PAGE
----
Dear President Oaks,
My name is Kris and I am a 32 year-old lifelong member of the Church. I live in the Salt Lake Valley along with my husband of 12 years and our 10 year-old son. I am studying English Literature at BYU and hope to graduate in a year or so. I am also transgender.
I’ve known I was trans for as long as I can remember. It was my deepest, darkest secret for most of my life. I felt so ashamed and irreparably broken. I felt that there was no way God could love me. I didn’t even know that there was a word for people like me until I was 28 years-old. When I found out that there are other trans people in the world, I felt such relief. I no longer felt alone and gross and awful. I tried for 25 years to cure myself of being trans, but the only thing that has alleviated some of the depression and pain I’ve felt has been to be open about being transgender.
I would like to remain a member of the Church. It is my spiritual home. But talks like the one you gave in our recent General Conference only serve to alienate me and those like me from our spiritual haven. Elder Ballard once said that there is room for LGBTQ+ people in the Church. But your talk makes me wonder if that’s really true. Is there room for me? Or should I just give up and move on with my life?
Your talk completely erased intersex people—those who are born with ambiguous genitalia—from the picture. Statistics show that at least 2% of the world’s population is intersex. Do intersex people have a place in the Church? If not, why? And if intersex people DO have a place in the Church, what about those whose chromosomes don’t match their gender, like someone who has XXY chromosomes?
You once said that more study was needed in regards to transgender members. I would be happy to put you in touch with other trans Church members or send you resources that could help you with your research, both from a religious and from a scientific perspective. I know many, including myself, who have chosen NOT to transition genders. We struggle with depression, anxiety, and gender dysphoria. I also know many trans people who have transitioned and are much healthier and happier for doing so, regardless of losing their membership in the Church. In my personal case, I have chosen not to transition because my husband is against it. That was an excruciatingly hard decision to make. Despite not transitioning, I would still like to have a double mastectomy. I feel that I can handle being trans if I don’t have to deal with breasts. Not only do they cause mental pain, but they also cause physical pain. I have had competent medical professionals recommend a breast reduction or mastectomy, yet because I am transgender, my bishop says that such a surgery will be cause for church discipline. I don’t understand: at what point does my breast size nullify my membership in the Church?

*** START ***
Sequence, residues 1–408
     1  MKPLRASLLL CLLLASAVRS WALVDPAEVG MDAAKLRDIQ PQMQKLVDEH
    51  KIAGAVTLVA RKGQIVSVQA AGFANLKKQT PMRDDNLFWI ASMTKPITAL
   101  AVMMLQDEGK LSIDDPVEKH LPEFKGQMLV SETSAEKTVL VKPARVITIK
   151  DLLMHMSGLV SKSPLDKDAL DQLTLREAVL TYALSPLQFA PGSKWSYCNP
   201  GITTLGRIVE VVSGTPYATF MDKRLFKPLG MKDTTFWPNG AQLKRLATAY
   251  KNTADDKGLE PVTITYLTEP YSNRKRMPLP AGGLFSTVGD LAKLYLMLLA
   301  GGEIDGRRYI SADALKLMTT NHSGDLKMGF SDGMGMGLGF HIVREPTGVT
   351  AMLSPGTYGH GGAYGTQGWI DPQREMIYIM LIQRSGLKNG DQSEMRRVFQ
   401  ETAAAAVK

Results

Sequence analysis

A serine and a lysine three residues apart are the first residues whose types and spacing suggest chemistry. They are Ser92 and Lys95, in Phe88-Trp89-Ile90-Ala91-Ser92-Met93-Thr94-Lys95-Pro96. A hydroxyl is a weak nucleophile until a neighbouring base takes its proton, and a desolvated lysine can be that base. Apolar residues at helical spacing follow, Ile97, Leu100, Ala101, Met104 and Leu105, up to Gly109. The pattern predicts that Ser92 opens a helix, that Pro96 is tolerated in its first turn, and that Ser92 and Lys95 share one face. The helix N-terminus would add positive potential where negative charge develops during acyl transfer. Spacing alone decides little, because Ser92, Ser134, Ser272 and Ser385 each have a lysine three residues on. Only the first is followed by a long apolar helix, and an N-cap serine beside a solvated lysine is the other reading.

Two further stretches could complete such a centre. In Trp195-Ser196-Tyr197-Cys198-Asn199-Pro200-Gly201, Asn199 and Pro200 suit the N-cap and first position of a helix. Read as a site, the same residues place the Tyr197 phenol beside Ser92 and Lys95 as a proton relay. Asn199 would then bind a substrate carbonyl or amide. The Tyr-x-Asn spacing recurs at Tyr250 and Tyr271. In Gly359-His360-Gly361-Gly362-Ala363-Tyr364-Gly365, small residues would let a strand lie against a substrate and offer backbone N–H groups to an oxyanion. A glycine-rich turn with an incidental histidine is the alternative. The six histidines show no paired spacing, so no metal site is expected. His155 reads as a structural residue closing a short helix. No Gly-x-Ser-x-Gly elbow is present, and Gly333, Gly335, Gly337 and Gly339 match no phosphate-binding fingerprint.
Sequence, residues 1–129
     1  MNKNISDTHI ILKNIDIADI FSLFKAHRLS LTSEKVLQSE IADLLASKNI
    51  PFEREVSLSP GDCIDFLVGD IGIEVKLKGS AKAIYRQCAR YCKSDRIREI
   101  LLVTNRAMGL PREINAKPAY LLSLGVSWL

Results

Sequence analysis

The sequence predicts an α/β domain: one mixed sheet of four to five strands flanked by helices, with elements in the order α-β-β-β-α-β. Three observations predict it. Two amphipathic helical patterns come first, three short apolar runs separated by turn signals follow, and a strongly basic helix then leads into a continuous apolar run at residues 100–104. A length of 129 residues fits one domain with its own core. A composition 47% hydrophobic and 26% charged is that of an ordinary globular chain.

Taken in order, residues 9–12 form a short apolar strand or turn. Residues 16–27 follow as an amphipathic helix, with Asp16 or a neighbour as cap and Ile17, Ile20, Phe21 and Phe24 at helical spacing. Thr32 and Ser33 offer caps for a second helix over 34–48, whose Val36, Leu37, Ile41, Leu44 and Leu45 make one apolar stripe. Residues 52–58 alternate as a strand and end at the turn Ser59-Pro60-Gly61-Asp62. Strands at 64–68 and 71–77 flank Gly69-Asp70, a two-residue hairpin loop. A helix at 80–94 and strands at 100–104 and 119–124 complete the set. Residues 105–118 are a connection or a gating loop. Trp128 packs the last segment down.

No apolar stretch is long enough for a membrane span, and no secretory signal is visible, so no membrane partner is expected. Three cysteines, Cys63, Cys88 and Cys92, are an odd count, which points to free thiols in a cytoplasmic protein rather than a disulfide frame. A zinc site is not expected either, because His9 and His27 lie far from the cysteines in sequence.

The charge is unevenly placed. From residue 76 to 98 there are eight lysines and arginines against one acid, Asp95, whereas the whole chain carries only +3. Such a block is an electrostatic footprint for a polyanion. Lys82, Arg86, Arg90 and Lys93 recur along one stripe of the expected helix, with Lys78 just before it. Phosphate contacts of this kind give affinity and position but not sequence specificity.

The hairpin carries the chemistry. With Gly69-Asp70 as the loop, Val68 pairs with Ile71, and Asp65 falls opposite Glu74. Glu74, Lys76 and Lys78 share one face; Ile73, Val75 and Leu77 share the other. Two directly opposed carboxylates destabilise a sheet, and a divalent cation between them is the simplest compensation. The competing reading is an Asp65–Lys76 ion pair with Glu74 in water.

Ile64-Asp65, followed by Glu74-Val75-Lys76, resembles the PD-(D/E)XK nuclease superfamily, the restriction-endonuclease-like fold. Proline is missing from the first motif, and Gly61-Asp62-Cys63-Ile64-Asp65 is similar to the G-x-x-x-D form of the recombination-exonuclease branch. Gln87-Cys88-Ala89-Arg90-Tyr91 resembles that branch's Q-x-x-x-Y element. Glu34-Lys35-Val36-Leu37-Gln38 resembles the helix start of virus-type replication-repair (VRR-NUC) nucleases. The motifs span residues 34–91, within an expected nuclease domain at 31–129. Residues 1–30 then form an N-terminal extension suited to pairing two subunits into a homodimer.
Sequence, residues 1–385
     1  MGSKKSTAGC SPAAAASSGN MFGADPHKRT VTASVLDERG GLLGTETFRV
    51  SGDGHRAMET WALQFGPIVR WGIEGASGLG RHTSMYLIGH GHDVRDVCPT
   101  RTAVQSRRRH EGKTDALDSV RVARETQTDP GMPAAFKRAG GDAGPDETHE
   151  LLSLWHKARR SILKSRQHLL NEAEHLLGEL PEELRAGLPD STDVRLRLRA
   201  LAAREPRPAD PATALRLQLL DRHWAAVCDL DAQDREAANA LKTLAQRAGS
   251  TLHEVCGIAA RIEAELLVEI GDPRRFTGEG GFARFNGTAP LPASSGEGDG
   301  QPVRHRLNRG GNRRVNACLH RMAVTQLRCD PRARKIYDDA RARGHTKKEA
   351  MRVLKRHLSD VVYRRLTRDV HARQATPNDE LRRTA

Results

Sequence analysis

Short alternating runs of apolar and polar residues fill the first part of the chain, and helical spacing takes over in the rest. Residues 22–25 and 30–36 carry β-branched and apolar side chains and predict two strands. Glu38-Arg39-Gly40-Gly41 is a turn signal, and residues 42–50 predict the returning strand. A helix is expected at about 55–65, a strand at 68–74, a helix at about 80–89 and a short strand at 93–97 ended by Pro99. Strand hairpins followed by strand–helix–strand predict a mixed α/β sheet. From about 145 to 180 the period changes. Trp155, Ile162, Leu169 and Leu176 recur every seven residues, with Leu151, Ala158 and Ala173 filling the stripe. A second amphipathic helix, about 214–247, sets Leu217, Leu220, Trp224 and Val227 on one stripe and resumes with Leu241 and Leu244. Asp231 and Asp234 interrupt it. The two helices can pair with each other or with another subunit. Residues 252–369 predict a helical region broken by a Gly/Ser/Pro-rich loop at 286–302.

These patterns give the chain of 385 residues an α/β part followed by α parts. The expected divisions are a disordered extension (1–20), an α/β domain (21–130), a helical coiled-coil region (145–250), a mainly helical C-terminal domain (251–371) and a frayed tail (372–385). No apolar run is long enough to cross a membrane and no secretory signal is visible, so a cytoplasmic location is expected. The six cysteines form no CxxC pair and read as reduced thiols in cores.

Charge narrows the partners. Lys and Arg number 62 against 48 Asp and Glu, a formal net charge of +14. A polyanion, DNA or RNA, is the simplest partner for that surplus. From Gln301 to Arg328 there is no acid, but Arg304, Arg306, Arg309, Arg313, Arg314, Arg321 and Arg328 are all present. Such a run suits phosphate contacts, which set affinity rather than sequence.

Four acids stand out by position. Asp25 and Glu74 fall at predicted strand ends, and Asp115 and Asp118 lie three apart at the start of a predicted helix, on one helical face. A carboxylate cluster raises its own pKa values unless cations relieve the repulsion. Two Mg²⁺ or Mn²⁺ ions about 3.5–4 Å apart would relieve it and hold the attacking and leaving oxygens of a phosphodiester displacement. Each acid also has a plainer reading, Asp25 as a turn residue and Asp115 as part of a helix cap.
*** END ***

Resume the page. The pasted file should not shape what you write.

These things I do know: that my bishop is fantastic and has been a wonderful support to my family as we’ve navigated the last few years. I also know that no matter what happens, my belief in God can’t be taken away from me, even if my membership in the Church is. I know that I want to raise my son in the Church, even if I strongly disagree with the Policy of Exclusion, which makes LGBTQ+ people feel like they are worth less than their cisgender, heterosexual counterparts (and it doesn’t feel like Christ would approve of anything that excludes children from the gospel.)
President Oaks, it seems like you strongly dislike or even hate transgender people. I’m truly sorry if that is the case. I have met some of the most spiritual people I know on the fringes of the Church. It hurts to see them wounded by sentiments like your Conference talk. Regardless of gender identity or sexual orientation, we are ALL children of God.
Thank you for your time.
Kris is an asexual, non-transitioning transguy who lives in Utah. They are studying English Literature and Editing at BYU. Kris is married and has a brilliant 10 year-old son. You can follow their shenanigans on Twitter @krisis86 and on their blog, http://transmormonrising.wordpress.com